7

Rust uses colons to separate identifiers from types, like in

let x: u8 = 1;

However, for function return types -> is used instead. Example:

fn f() -> u8 { ... }

One might expect it to use a colon here as well:

fn f(): u8 { ... }

While using arrows has some precedence (e.g. in Haskell), I'm curious about the historical reason behind this choice. In addition, I'm also curious if it's a purely aesthetic reason or if using an arrow has some technical reason e.g. in simplifying parsing.

4
  • 7
    The type of x is u8; the type of f is not u8.
    – Shepmaster
    Jan 26 '16 at 16:37
  • This is convention. Many languages use this. C++ has the trailing return type. OCaml has a similar function signature style. It just is.
    – erip
    Jan 26 '16 at 16:39
  • 1
    One possible reason is that in mathematics, arrows indicate mappings from a domain to a codomain. For example, f : X -> Y; f is a mapping of the set X to the set Y.
    – erip
    Jan 26 '16 at 16:40
  • Interesting old question, and that no one mentioned TypeScript which does use : to denote return types. Because functions names must have parenthesis there is no ambiguity: the type of f(): number is "a function which returns a number.
    – nicholas
    Jul 18 '20 at 11:40
11

Well, I’m only guessing, but I’d say that the reason is purely aesthetic. : is often pronounced as “has the type”, while -> is pronounced as “to”. So f: fn(i32) -> i32 means “f has the type of functions from i32 to i32”.

Basically, there are two contexts where the return value of a function can be mentioned:

  1. Function item declaration:

    fn foo(x: i32) -> i32 {
      …
    }
    
  2. Assignment of a function to a variable with explicit type:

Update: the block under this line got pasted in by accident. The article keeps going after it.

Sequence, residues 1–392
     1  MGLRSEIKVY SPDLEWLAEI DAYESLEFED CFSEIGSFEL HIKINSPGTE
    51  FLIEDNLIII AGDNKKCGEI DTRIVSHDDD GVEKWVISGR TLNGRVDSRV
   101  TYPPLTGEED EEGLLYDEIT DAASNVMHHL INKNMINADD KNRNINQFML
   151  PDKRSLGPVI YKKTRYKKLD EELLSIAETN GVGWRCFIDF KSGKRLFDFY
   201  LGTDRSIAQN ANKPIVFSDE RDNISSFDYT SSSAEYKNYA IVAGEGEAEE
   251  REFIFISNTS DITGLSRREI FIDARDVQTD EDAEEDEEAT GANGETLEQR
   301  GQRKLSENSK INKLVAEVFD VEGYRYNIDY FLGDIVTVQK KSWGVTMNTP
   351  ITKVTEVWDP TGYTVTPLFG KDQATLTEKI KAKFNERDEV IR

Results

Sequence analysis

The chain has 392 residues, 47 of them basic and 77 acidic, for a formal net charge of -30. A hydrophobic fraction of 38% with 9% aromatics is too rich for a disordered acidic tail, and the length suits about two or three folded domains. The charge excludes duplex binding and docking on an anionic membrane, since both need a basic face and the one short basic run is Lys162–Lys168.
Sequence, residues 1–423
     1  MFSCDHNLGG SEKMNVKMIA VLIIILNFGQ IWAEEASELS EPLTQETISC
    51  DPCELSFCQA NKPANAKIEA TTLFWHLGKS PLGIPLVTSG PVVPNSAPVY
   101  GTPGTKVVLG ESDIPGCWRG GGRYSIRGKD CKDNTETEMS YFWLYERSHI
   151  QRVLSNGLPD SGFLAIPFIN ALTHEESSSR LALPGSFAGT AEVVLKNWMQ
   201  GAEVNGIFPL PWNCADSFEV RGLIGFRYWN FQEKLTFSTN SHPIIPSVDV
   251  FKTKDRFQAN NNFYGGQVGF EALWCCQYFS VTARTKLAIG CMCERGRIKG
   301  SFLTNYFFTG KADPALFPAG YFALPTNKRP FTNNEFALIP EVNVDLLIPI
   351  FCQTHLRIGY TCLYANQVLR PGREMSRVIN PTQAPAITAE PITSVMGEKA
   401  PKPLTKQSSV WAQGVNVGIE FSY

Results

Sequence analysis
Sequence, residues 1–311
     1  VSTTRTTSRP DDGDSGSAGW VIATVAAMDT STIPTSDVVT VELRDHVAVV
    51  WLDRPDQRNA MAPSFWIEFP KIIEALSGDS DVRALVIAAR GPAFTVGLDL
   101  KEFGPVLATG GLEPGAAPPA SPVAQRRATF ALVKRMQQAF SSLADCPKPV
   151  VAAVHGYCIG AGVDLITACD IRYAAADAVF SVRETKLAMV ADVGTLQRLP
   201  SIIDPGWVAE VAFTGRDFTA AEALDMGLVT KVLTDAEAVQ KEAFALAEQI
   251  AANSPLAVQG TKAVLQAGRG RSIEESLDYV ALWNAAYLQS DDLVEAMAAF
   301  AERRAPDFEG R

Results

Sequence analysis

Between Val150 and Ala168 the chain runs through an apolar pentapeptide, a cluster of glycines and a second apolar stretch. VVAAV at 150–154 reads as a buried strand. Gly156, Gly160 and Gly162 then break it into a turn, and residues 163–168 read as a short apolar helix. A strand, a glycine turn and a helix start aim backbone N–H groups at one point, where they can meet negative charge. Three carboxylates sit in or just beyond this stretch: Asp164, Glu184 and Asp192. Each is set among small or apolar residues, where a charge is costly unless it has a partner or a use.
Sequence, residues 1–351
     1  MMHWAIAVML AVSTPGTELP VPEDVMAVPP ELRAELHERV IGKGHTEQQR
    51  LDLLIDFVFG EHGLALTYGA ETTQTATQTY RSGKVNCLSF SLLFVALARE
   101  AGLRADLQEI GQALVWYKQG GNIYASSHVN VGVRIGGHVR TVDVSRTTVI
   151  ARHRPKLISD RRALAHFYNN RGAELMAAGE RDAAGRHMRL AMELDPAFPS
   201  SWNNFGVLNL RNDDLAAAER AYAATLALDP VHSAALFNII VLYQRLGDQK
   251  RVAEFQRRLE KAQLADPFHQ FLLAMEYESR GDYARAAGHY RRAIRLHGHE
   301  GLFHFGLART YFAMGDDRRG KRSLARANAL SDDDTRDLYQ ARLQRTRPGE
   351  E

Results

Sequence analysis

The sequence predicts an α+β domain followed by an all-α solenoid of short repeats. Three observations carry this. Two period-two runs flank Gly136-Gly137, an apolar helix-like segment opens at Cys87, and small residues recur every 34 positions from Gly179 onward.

let f: fn(x: i32) -> i32 = foo;
    

While using colon instead of arrow wouldn’t hurt readability in the first case, it would definitely do so in the second one. And it makes perfect sense to have the same symbol in both contexts.

The ultimate origin of this arrow is Simply Typed Lambda Calculus where this arrow is used as the function type constructor. From there it came to Haskell, Scala (well, not exactly, they use =>) and other languages.

6
  • I think it's important to note that if you used : T to denote the return type, this would imply the "type" of f is T. Rust functions aren't first-class objects, though; they have no type. Closures are the exception to this (as they are anonymous).
    – erip
    Jan 26 '16 at 16:48
  • 2
    @erip How do you mean? Rust functions do have types.
    – kirelagin
    Jan 26 '16 at 16:50
  • 1
    @erip Well, I don’t think that replacing all the arrows with colons in the grammar would screw it or make it more difficult to parse. You do not specify the type of the declared item after the fn keyword, so there is no ambiguity. But I agree that this would be way more difficult to read for a human.
    – kirelagin
    Jan 26 '16 at 16:55
  • 3
    It is highly likely that the function return type is denoted by arrow because it is like that in ML family of languages, in particular, in OCaml, which was used for the first versions of Rust compiler. Jan 26 '16 at 20:12
  • 2
    This was discussed on the old mailing list: whole thread, graydon's response (basically exactly what you said: good guess!)
    – huon
    Jan 27 '16 at 12:12

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